The Musicians’ Voice is an open forum for discussion about the state of union affairs. The letters here do not necessarily express the views of Local 802. E-mail letters to Allegro@Local802afm.org or write to Allegro, Local 802, 322 West 48th Street, New York, NY 10036. Letters must be no more than 300 words.
THANKS TO LOCAL 802 FOR “ANNIE” PAY BOOST
am writing to express my deep appreciation and gratitude to Local 802. I am a trombonist, NYC resident and Local 802 member who recently completed a contract with the national tour of the show “Annie.” We performed at the recently re-opened Kings Theatre in Brooklyn from Dec. 15 to 20. We were working on this tour under an AFM contract called “SETA” (Short Engagement Touring Agreement), which provides for things such as set salaries, doubles, librarian fees, health and pension contributions, vacation pay, sound check/rehearsal pay and overtime, where appropriate. However, my colleagues and I learned in November that because of the bargaining power of Local 802, we would be receiving 85 percent of Broadway scale/benefits during our Brooklyn engagement. What this boiled down to were significantly higher salaries, nearly double our normal health contributions, weekly instrument maintenance fees (which the SETA doesn’t provide for), and a premium for a second show on Sunday (which the SETA doesn’t provide for). I am so grateful to Local 802 for their part in ensuring that we in the “Annie” orchestra received fair wages and benefits during this engagement in one of the most expensive cities in the world. And I assure you that my sentiments are echoed by my colleagues, whether they are members of Local 802 or another of the AFM’s locals. It is also my true hope that our situation can be mirrored for others who find themselves in a similar circumstance.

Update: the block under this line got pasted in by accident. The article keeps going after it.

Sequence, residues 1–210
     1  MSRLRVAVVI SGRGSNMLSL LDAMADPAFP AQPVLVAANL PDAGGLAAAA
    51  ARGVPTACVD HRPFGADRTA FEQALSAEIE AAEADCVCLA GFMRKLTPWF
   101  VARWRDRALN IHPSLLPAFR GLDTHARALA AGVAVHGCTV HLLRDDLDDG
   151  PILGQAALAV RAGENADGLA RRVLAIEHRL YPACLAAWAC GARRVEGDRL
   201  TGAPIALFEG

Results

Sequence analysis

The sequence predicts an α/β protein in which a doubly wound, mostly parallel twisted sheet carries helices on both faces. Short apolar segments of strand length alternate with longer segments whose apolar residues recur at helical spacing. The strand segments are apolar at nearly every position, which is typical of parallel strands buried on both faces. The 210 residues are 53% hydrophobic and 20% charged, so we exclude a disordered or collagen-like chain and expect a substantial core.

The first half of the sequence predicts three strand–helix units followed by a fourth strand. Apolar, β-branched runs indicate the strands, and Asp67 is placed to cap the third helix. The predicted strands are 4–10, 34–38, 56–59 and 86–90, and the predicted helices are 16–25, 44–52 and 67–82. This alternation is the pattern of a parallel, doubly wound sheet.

CAN YOU KEEP IT DOWN?
This is related to last month’s Allegro cover story on practicing music in your apartment and dealing with noise complaints. One of the greatest lead trumpet players of the modern era retired to South Florida. He recorded with everyone and played on all the TV shows out of New York City. He was lead with Sinatra, Streisand, Garland, etc. But nobody had warned him about the “condo commandos” and the clout they have in “enforcing the condo’s rules.” So I’m guessing splatting double pedal C’s all the way up to double C’s starting at 7 a.m. was not within the guidelines! Unbelievable as it seems, someone whose music they lived, danced and fell in love to was also the man they forced out!
He wasn’t mad or disabused. He took the money and found a gorgeous subtropical paradise home around the corner. And he “peeled the paint” every chance he got – inside his own house – with the windows wide open! Hah!
Barrie W. Mizerski
REMEMBERING WALTER WEINBERG
I would like to let fellow musicians know that my father, Walter V. Weinberg, who played piano, organ and accordion, died seven years ago on June 22, 2008. We did not put a notice in Allegro at that time but would like to honor him now. Walter, who was a member of Local 802 for over 50 years, was the only child of Jacob Weinberg (1879-1956), a noted Russian-Jewish composer and a member of the Jewish Music Forum and the Society for Jewish Folk Music. (Jacob Weinberg wrote “The Pioneers,” the first Hebrew opera to win an international composition contest. His music is still being performed today: the 92nd St Y has a concert on April 11 that will feature three of his works.)